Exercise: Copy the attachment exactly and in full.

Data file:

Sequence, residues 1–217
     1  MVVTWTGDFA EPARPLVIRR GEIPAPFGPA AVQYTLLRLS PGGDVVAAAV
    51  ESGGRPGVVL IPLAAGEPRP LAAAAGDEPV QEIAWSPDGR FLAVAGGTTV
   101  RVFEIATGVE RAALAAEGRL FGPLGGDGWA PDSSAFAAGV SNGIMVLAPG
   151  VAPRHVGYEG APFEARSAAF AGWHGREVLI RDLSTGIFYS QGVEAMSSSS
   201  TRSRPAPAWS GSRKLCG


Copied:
Sequence, residues 1–217
     1  MVVTWTGDFA EPARPLVIRR GEIPAPFGPA AVQYTLLRLS PGGDVVAAAV
    51  ESGGRPGVVL IPLAAGEPRP LAAAAGDEPV QEIAWSPDGR FLAVAGGTTV
   101  RVFEIATGVE RAALAAEGRL FGPLGGDGWA PDSSAFAAGV SNGIMVLAPG
   151  VAPRHVGYEG APFEARSAAF AGWHGREVLI RDLSTGIFYS QGVEAMSSSS
   201  TRSRPAPAWS GSRKLCG